Lawrence of Arabia 50th Anniversary Edition Blu-ray Review

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“Lawrence, only two kinds of creature get fun in the desert: Bedouins and gods, and you're neither. Take it from me. For ordinary men, it's a burning fiery furnace.”

“No, Dryden … it’s going to be fun.”

David Lean’s Lawrence of Arabia is the sort of film that absolutely devours every superlative in the book and then challenges you to think up new ones for it to chew on spit back out. As a historical biography of one of war-time’s most ephemeral, inspirational and controversial figures, it is both highly stylised in character and scope, and clinically psychological, at once sumptuously epic, visually splendid and recreated against one of the most immense and chaotic of backdrops, but also strongly intimate and intelligently structured …and yet also curiously meandering in its painstaking longeurs. And it is in these perplexing...


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DrGekko

Well-known Member
Hi Chris,

Good, in depth review... apart from the following comment regarding Alec Guiness portraying an "Arab" - not really sure whether you've met any Arabs or not but the one's I know are highly educated, very refined and can write and are very "English"....

Did you mean Bedouin Arabs of the desert perhaps? And to what heights of refinement had been reached by most Englishmen in England during that period I wonder based on historical accounts?

I don't mean to be perdantic but I believe you need to be a little more specific in case folks get a distorted impression. :thumbsup:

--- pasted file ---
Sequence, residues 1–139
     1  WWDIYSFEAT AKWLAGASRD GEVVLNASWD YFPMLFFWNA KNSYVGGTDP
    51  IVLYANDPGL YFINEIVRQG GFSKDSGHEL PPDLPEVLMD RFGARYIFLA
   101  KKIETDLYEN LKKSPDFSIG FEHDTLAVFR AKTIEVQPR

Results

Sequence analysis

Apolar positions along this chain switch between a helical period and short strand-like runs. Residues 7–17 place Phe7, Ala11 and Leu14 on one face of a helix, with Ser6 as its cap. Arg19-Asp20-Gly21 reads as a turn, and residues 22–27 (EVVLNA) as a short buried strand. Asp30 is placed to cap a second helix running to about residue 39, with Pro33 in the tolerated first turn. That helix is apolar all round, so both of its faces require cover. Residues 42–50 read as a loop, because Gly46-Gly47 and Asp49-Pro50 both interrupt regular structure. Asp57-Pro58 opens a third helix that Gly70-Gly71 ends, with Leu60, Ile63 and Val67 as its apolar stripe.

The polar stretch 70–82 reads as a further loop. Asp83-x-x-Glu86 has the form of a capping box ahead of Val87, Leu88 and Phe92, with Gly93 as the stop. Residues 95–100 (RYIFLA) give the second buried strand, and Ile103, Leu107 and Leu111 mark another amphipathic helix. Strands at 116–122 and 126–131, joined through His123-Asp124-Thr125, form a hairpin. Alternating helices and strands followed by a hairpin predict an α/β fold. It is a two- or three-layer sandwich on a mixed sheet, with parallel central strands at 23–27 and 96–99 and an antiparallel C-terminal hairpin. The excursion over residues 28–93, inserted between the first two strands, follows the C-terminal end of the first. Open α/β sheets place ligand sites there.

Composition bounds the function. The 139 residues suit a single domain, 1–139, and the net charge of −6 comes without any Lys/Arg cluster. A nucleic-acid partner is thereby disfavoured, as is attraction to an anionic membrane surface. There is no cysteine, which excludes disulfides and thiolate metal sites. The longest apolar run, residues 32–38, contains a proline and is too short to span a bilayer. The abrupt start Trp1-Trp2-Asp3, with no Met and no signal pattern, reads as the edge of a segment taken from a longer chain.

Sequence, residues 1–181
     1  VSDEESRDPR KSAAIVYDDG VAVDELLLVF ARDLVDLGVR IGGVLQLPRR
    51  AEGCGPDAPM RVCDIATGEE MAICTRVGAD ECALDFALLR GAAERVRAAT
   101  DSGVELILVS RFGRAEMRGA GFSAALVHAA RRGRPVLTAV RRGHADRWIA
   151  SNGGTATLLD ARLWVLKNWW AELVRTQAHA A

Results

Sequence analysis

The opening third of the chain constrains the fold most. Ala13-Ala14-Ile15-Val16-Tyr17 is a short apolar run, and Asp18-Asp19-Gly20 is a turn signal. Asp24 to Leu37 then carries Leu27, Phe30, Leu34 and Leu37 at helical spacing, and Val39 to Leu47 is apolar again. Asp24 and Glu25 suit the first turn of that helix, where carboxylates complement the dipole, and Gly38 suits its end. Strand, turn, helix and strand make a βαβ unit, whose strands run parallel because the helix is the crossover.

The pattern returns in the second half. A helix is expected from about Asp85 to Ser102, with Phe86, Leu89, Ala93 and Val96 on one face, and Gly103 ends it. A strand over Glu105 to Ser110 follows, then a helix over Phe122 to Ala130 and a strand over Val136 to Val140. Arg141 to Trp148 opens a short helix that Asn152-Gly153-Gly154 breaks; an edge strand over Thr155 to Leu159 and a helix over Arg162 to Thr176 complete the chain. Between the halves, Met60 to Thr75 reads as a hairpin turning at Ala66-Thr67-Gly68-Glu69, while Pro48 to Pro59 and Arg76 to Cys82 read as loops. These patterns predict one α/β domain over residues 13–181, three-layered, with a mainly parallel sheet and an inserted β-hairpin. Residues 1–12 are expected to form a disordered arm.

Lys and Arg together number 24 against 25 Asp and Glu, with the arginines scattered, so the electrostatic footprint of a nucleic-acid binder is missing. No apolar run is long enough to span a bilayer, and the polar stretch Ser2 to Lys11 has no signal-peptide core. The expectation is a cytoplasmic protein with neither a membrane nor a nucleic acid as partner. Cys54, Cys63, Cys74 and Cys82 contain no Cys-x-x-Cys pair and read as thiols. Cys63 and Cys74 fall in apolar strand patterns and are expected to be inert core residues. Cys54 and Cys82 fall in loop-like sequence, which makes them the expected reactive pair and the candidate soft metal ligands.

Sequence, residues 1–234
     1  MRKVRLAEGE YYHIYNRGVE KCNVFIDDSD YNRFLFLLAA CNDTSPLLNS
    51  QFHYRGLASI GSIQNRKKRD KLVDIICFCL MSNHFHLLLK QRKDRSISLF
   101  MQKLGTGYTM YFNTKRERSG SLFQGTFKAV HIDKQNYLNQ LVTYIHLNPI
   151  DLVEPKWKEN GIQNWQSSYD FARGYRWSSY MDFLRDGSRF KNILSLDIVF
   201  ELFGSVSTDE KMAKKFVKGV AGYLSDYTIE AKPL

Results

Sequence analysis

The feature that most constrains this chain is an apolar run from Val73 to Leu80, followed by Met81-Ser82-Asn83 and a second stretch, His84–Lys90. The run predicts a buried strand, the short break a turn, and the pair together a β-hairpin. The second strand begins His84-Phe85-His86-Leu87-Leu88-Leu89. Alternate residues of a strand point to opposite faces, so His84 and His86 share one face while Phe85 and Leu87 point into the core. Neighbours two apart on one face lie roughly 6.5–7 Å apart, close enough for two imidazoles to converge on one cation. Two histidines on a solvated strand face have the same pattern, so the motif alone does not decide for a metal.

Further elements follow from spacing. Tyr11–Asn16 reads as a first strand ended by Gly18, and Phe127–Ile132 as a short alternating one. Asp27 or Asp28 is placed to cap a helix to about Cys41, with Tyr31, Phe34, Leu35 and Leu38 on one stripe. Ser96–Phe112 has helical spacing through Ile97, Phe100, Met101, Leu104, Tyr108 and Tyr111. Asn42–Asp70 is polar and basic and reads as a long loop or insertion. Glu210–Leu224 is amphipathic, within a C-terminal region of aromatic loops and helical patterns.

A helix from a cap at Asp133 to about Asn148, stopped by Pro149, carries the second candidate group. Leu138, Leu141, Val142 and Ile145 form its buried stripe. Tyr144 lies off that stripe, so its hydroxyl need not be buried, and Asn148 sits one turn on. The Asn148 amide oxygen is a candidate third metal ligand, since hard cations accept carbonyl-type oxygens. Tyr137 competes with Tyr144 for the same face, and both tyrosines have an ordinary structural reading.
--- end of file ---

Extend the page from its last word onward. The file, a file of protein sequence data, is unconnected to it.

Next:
Chris McEneany

Well-known Member
Hi Chris,

Good, in depth review... apart from the following comment regarding Alec Guiness portraying an "Arab" - not really sure whether you've met any Arabs or not but the one's I know are highly educated, very refined and can write and are very "English"....

Did you mean Bedouin Arabs of the desert perhaps? And to what heights of refinement had been reached by most Englishmen in England during that period I wonder based on historical accounts?

I don't mean to be perdantic but I believe you need to be a little more specific in case folks get a distorted impression. :thumbsup:
I never said anything about Arabs not being refined or educated or able to write, Dr. I'm talking about the performance of one of England's most stately actors trying to embody the character of an Arab prince. I've re-read what I wrote and, quite honestly, it seems as though you are stirring something up that clearly isn't there. I was pretty objective in the written opinion about it.

Great actor as he is, he doesn't convince as an Arab, is all. And this is purely because Alec Guinness is quintessentially very, very English. There's no slurs intended, and no sweeping generalisations meant to be suggested.

He has portrayed a rich variety of characters from Fagin to women to Jedi Knights ... but, to me, he has ALWAYS been Alec Guinness. No racial insult, just a comment upon his style ... which, forgive me ... is English.

I mean he plays him like he's just Alec Guinness in dark makeup is all. I, for one, do not believe for one second that Prince Feisal is being portrayed by anyone other than the star of many classic and resolutely English films of English etiquette and English mannerisms. Just bedecking Guinness in robes and calling him Prince Feisal does not disguise that fact, in my opinion. Anthony Quinn is not an Arab, but I can never doubt that Auda, with Quinn's terrific performance in the role, is an Arab.

Guinness, as I have stated in the review, is still fantastic in embodying such a fascinating personality ... but I still have the opinion that he is merely Alec Guinness dressed up as a Arab.

Doesn't harm a masterpiece of filmmaking, though, and as I said in the review, his performance even adds to the story.

Anyway, sorry you found my comments troubling. Certainly not intended.

Cheers,

Chris Mceneany :devil:
 

gibbsy

Moderator
You liked it then Chris.